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​Five Ways to Keep Student Debt In Check

Contributed by: Heath Combs

The student-debt story in 2017 is frightening. The website www.studentloanhero.com presents the following numbers:
 
  • 44 million Americans owe $1.4 trillion in student-loan debt
  • For the class of 2016, the average debt is $37,000
  • The average student-loan payment is $350 a month
 
For many students, loans are a necessity. But it’s important not to compound the problem with poor money decisions while you are in college. Here are five tips for keeping monthly budgets in order so you’re not adding to your student-loan debt.
 
1. Campus Job: Most students benefit from having a job in college. Whether it’s 10 or 20 hours a week, a job forces a student to learn time-management skills. These new skills often lead to better grades. And some college jobs become valuable experiences for a resume, especially if the job is related to the student’s major.
 
Jobs are also an opportunity for parents to assign particular expenses to a student:  entertainment expenses, weekend trips, textbooks, additional food, cell-phone plan, etc. Having a regular income forces a student to learn how to budget money each month.
 
2. Budgeting: The amount of money a student can earn from a campus job depends on the hours, the skills needed for the job and the hourly rate.
 
Once a job is secured, students need to calculate a monthly total, minus any taxes. At that point students can start setting up a budget. Generally, it’s best to budget as many items as possible. For instance: eating out, movies, late-night snacks, books, supplies, socializing, etc.
 
Students also need to save a percentage of their wages each month. Ten percent is a reasonable starting point. Saving some money each month gives students a cushion when an unexpected expense arises or if they exceed their regular budget. It’s a different kind of emergency fund.
 
And sticking to a budget in college is great practice for when a student gets out of college and has to manage a salary to pay for: rent, food, entertainment, utilities, car payments and vacations.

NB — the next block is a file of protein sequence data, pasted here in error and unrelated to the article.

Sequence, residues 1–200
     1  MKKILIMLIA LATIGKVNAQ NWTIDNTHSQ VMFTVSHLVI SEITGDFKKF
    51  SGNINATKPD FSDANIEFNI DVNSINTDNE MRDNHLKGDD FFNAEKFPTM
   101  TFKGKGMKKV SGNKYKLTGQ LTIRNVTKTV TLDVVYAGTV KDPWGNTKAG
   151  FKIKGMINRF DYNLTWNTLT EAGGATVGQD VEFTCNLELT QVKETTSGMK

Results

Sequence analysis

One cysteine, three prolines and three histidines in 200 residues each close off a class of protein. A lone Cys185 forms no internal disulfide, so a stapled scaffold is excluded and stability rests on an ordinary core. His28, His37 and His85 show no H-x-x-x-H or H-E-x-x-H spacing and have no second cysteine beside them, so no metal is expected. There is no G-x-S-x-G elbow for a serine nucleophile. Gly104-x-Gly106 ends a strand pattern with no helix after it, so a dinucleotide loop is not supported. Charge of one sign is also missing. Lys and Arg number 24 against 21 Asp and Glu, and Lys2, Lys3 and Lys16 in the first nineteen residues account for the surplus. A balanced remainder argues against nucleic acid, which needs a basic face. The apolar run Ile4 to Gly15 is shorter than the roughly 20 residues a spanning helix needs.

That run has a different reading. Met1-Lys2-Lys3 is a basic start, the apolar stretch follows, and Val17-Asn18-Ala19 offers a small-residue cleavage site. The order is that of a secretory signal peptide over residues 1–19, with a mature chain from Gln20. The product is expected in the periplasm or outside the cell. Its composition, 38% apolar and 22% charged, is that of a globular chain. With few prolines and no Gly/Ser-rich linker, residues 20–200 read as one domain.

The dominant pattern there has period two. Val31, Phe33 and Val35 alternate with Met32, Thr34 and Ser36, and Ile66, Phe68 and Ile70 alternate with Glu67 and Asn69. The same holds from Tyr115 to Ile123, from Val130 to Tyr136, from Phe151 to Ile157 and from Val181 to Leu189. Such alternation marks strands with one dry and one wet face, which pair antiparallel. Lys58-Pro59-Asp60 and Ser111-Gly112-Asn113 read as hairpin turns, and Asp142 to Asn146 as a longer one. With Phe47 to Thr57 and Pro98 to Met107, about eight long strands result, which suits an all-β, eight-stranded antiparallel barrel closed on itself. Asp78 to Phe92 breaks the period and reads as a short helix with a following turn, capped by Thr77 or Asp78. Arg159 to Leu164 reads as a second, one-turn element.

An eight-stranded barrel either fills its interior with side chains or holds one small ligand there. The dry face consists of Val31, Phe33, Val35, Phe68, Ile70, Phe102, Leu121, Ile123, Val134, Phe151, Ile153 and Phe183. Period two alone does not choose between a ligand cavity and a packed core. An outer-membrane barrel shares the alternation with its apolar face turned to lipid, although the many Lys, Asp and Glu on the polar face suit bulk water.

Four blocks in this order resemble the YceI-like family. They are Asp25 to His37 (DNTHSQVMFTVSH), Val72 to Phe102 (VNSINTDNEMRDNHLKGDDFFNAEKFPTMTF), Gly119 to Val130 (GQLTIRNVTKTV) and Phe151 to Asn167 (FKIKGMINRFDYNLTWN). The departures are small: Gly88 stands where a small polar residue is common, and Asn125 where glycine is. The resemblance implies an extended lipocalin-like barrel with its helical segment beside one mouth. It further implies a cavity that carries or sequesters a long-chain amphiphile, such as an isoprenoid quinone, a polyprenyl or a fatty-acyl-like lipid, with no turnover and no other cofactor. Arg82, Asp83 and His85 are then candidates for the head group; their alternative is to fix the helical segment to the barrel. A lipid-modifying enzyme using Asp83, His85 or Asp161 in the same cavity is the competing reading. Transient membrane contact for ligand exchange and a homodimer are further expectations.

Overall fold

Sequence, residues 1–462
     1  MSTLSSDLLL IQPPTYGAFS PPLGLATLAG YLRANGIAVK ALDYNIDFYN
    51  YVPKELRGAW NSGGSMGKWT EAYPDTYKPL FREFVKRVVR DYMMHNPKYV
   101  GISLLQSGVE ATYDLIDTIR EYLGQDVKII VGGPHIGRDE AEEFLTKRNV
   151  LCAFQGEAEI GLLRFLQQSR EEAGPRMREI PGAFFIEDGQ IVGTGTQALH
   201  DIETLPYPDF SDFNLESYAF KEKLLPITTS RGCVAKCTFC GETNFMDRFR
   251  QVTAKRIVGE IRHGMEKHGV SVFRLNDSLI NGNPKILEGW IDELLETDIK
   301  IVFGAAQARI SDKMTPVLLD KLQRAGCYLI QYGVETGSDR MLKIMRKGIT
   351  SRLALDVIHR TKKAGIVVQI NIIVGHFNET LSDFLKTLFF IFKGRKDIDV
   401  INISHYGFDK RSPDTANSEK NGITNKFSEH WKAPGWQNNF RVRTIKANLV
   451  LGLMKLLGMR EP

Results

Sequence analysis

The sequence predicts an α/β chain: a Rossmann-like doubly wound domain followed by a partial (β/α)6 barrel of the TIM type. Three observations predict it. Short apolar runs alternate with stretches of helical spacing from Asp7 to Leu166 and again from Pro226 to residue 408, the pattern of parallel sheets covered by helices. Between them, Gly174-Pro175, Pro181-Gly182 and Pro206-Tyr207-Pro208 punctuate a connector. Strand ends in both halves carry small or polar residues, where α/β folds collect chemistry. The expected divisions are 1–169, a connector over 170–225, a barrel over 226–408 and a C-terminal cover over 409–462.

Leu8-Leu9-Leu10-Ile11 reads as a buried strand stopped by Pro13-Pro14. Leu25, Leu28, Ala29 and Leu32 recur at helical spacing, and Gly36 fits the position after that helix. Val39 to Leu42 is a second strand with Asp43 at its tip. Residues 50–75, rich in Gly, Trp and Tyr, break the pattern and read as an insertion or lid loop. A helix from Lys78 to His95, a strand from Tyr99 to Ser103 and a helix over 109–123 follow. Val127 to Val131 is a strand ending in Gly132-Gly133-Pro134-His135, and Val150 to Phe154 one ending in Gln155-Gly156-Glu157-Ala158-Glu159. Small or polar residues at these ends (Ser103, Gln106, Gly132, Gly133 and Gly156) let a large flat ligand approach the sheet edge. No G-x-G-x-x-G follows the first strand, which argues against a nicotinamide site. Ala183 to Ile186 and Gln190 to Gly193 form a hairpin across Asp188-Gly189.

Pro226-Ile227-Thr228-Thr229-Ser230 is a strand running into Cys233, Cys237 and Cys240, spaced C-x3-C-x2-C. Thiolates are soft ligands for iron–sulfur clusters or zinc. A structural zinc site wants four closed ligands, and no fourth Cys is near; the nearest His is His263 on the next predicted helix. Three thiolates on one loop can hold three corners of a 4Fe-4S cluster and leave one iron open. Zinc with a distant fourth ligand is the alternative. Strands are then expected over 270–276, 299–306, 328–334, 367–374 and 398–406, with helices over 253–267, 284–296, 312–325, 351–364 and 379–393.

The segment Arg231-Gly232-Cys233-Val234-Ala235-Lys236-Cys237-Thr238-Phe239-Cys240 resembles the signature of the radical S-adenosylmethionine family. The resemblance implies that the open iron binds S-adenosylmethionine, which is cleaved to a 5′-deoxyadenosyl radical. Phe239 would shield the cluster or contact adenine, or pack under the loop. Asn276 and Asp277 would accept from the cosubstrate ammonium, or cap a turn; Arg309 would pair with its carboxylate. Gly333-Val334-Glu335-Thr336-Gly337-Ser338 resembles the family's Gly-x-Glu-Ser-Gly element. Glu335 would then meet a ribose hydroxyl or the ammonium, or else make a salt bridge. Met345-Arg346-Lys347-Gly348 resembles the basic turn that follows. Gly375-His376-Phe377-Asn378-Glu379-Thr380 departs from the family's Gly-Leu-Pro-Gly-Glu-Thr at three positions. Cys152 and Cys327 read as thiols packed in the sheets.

3. Grants and Scholarships: Each year, between government and private sources, there is about $50 billion in grants and scholarships. The benefit of this kind of money is that it doesn’t have to be paid back. There are thousands of different kinds of scholarships – in addition to the financial aid that each school offers.
 
Hunt aggressively both in your home community and nationally. Scholarships and grants allow students to reduce the money they need to take as loans.
 
4. Textbooks: Generally, students have to buy books in college. And the prices on many books are stunning. Since 1977, according to the Bureau of the Labor Statistics, textbooks have increased in price by more than 1,000 percent, which is three times the rate of inflation.
 
But as prices have risen, so have the alternatives: 
  • Amazon and eBay offer excellent opportunities to buy used books.
  • SlugBooks.com, TextbookRush.com and others (like your hometown bookstores) offer students the opportunity buy, sell or rent textbooks.
  • Many professors will place a copy of the book on reserve in the library. Often the book must remain in the library, but the price is right.
5. Plastic Problems: Credit cards have probably torpedoed more student budgets and student credit scores than any single item. They come in with a built-in temptation for being easy money; they have high interest rates; and a lot of students forget to pay their monthly bill or they only make the “minimum” payment because they don’t have enough cash on hand.
 
Credit cards deserve a strict strategy. The benefit of a credit card in college is that it helps a student develop a credit rating and a credit history, which will be helpful when they graduate and are searching for an apartment. Most landlords will want to see a strong credit score and credit history.
 
Here are some simple rules for handling a credit card so it is a positive and not a negative: 
  1. Have only one credit card.
  2. Only use a credit card if the cash for the item is in the bank.
  3. Set up automatic payments with your bank for the entire amount of your credit-card bill each month.
  4. Check your credit-card account several times each month to make sure you are still within your budget.
 Follow these four rules religiously, and it'll help you graduate with $0 in credit-card debt.

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